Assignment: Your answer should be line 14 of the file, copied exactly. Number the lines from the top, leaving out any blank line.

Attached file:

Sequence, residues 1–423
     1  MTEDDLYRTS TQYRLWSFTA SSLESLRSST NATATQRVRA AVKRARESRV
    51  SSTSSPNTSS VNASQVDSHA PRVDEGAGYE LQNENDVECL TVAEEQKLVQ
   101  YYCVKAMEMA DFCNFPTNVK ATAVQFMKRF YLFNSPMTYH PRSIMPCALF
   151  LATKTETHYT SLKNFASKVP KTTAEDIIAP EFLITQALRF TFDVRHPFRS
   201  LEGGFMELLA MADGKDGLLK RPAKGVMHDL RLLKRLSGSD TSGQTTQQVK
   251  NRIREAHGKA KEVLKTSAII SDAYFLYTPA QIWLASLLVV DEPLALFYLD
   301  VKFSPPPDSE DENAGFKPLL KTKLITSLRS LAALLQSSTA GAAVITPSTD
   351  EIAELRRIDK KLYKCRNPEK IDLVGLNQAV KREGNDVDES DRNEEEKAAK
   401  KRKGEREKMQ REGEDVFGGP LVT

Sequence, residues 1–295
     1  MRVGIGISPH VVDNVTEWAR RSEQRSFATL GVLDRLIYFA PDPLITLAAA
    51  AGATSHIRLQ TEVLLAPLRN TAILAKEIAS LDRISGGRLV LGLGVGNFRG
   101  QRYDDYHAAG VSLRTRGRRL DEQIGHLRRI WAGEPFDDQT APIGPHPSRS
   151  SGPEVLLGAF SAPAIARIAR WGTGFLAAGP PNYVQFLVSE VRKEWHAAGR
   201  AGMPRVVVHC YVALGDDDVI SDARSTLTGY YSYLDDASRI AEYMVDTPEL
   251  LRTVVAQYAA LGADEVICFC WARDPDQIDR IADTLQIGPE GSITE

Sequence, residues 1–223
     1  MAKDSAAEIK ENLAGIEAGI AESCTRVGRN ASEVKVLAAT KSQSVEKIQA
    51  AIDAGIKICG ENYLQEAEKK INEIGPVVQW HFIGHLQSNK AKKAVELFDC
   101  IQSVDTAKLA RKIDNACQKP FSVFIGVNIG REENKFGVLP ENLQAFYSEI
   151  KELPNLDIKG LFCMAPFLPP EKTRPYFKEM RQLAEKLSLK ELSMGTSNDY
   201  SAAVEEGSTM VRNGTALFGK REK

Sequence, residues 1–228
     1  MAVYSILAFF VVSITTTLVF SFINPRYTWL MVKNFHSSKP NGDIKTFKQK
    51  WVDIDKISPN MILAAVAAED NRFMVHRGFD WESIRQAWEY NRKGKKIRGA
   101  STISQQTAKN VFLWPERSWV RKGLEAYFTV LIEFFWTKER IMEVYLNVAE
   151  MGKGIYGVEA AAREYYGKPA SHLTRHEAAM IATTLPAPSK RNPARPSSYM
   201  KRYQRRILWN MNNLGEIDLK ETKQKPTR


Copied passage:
   101  QRYDDYHAAG VSLRTRGRRL DEQIGHLRRI WAGEPFDDQT APIGPHPSRS